Choice (C) gets all the pronoun correct, and it is active, direct, and powerful. It is the best answer.

Does all this make sense?

Mike

Hi Mike
whats the problem with sentence A&Ds construction...............Whats the use of "even when"

Whats the difference between even when justifiable and even when it is justifiable ?
Magoosh GMAT Instructor
Joined: 28 Dec 2011
Posts: 4039
Followers: 1416

Kudos [?]: 6779 [6] , given: 84

Re: The board follows policies that are unreasonably strict and [#permalink]

### Show Tags

04 Mar 2013, 16:02
6
KUDOS
Expert's post
3
This post was
BOOKMARKED
mun23 wrote:
The board follows policies that are unreasonably strict and so inflexible that they refuse to discuss permitting leaves of absences even when justifiable.
(A) they refuse to discuss permitting leaves of absences even when
(B) it refuses to discuss permitting leaves of absences even when it is
(C) it refuses to discuss permitting leaves of absences to be taken even when they are
(D) permitting leaves of absences is not discussed even when
(E) discussion of permitting leaves of absences is refused even when they will be

Hi Mike
whats the problem with sentence A&Ds construction...............Whats the use of "even when"

Whats the difference between even when justifiable and even when it is justifiable?

Dear mun23 ----
I'm sorry, I was interrupted in the middle of writing that, and I completely forget to explain that section. My apologies.

The word "when" is a subordinate conjunction --- its role is to introduce a subordinate clause. Like any clause, a subordinate clause has a full [noun]+[verb] that, without the word when, could stand on its own as a complete sentence. Thus, the construction "when it is justifiable" is perfectly correct, because we have a full [noun]+[verb] clause following the word when --- the clause "it is justifiable" could stand on its own as a complete [noun]+[verb] sentence.

The GMAT does not approve of the structure [subordinate conjunction]+[adjective]:
= when justified
= although tired
= while hesitant
etc. etc.
These are very common in colloquial American speech, but they do not conform to the formal standards of the GMAT. Choices (A) & (D) make this mistake.

Does that make sense?

Mike
_________________

Mike McGarry
Magoosh Test Prep

Manager
Status: struggling with GMAT
Joined: 06 Dec 2012
Posts: 214
Concentration: Accounting
GMAT Date: 04-06-2013
GPA: 3.65
Followers: 15

Kudos [?]: 374 [0], given: 46

Re: The board follows policies that are unreasonably strict and [#permalink]

### Show Tags

04 Mar 2013, 16:24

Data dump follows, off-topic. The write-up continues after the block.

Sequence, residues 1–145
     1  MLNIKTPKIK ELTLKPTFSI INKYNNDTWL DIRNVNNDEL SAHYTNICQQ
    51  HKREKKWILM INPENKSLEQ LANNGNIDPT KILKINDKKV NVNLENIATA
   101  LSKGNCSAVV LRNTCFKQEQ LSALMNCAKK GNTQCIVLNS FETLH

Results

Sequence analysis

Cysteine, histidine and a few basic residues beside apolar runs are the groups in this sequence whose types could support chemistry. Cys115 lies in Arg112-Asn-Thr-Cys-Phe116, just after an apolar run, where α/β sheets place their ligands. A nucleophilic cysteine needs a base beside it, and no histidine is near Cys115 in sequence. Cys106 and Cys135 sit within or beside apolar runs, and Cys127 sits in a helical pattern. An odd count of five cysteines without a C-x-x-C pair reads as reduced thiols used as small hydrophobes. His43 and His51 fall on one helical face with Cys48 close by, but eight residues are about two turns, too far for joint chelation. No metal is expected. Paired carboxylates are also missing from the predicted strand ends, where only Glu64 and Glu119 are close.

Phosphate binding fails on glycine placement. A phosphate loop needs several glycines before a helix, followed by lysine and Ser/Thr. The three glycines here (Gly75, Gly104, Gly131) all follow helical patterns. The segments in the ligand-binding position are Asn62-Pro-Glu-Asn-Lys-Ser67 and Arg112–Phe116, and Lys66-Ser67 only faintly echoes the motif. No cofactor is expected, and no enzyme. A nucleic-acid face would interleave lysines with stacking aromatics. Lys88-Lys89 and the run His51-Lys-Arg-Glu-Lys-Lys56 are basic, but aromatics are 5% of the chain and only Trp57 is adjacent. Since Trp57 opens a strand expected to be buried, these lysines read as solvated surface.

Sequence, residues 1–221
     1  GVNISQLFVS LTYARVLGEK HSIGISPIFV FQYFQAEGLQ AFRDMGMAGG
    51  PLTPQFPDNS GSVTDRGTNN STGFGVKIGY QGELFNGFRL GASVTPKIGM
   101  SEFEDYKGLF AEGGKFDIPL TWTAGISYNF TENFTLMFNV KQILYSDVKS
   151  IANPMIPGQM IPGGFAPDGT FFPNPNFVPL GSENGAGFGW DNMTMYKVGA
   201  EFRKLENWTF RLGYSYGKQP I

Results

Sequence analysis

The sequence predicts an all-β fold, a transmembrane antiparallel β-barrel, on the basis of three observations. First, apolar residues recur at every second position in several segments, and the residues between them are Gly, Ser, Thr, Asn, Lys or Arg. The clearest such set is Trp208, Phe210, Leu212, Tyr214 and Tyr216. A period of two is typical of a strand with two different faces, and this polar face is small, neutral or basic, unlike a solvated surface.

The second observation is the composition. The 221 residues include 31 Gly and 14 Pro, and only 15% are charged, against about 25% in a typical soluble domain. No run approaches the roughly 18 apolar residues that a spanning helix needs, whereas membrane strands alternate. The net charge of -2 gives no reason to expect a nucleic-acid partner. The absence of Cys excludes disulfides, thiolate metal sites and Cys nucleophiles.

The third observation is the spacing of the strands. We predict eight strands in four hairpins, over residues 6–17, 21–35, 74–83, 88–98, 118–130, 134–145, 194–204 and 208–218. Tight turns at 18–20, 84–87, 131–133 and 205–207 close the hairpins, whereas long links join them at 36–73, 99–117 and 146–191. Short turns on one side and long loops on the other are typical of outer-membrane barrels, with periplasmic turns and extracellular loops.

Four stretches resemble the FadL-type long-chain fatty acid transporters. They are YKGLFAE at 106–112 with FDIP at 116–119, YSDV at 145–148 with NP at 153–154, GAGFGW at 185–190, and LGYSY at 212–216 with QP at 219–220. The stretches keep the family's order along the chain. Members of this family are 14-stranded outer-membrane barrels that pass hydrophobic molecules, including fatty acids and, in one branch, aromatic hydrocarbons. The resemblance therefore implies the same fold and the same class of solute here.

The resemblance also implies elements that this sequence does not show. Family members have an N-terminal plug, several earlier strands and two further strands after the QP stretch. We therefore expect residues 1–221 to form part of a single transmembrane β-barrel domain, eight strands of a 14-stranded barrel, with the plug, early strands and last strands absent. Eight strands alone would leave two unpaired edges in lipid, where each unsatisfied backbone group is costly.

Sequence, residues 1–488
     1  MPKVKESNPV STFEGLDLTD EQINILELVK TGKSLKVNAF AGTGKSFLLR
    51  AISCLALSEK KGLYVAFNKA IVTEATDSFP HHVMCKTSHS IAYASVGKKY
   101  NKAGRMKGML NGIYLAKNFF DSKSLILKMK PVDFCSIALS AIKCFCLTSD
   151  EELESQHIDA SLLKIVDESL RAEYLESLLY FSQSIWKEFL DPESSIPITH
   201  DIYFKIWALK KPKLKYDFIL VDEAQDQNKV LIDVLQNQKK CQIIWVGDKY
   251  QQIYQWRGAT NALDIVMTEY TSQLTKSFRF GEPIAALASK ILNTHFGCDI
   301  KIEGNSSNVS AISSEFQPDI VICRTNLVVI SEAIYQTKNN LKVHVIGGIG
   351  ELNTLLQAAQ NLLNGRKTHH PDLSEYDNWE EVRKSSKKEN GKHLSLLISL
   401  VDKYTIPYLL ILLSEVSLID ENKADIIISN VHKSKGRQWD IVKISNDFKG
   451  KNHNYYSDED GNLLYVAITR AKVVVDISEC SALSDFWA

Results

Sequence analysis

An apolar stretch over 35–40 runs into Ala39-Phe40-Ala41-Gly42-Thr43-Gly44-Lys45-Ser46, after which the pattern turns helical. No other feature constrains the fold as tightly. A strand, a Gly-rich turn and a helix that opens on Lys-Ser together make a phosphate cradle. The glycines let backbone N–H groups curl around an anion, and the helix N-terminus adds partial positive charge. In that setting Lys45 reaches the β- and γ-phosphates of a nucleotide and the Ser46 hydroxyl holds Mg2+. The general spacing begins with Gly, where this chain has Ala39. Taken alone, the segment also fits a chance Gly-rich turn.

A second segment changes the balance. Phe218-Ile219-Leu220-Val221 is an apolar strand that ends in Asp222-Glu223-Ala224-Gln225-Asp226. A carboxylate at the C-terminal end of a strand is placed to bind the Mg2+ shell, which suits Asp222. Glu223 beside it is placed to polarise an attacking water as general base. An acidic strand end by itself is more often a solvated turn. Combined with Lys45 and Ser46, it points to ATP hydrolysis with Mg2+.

mikemcgarry wrote:
mun23 wrote:
The board follows policies that are unreasonably strict and so inflexible that they refuse to discuss permitting leaves of absences even when justifiable.
(A) they refuse to discuss permitting leaves of absences even when
(B) it refuses to discuss permitting leaves of absences even when it is
(C) it refuses to discuss permitting leaves of absences to be taken even when they are
(D) permitting leaves of absences is not discussed even when
(E) discussion of permitting leaves of absences is refused even when they will be

Hi Mike
whats the problem with sentence A&Ds construction...............Whats the use of "even when"

Whats the difference between even when justifiable and even when it is justifiable?

Dear mun23 ----
I'm sorry, I was interrupted in the middle of writing that, and I completely forget to explain that section. My apologies.

The word "when" is a subordinate conjunction --- its role is to introduce a subordinate clause. Like any clause, a subordinate clause has a full [noun]+[verb] that, without the word when, could stand on its own as a complete sentence. Thus, the construction "when it is justifiable" is perfectly correct, because we have a full [noun]+[verb] clause following the word when --- the clause "it is justifiable" could stand on its own as a complete [noun]+[verb] sentence.

The GMAT does not approve of the structure [subordinate conjunction]+[adjective]:
= when justified
= although tired
= while hesitant
etc. etc.
These are very common in colloquial American speech, but they do not conform to the formal standards of the GMAT. Choices (A) & (D) make this mistake.

Does that make sense?

Mike

Hi Mike
1 kudos for you.thanks for explanation
Intern
Joined: 11 Jul 2013
Posts: 43
Followers: 0

Kudos [?]: 10 [0], given: 92

Re: The board follows policies that are unreasonably strict and [#permalink]

### Show Tags

18 Oct 2013, 00:23
mikemcgarry wrote:
mun23 wrote:
The board follows policies that are unreasonably strict and so inflexible that they refuse to discuss permitting leaves of absences even when justifiable.
(A) they refuse to discuss permitting leaves of absences even when
(B) it refuses to discuss permitting leaves of absences even when it is
(C) it refuses to discuss permitting leaves of absences to be taken even when they are
(D) permitting leaves of absences is not discussed even when
(E) discussion of permitting leaves of absences is refused even when they will be

Hi Mike
whats the problem with sentence A&Ds construction...............Whats the use of "even when"

Whats the difference between even when justifiable and even when it is justifiable?

Dear mun23 ----
I'm sorry, I was interrupted in the middle of writing that, and I completely forget to explain that section. My apologies.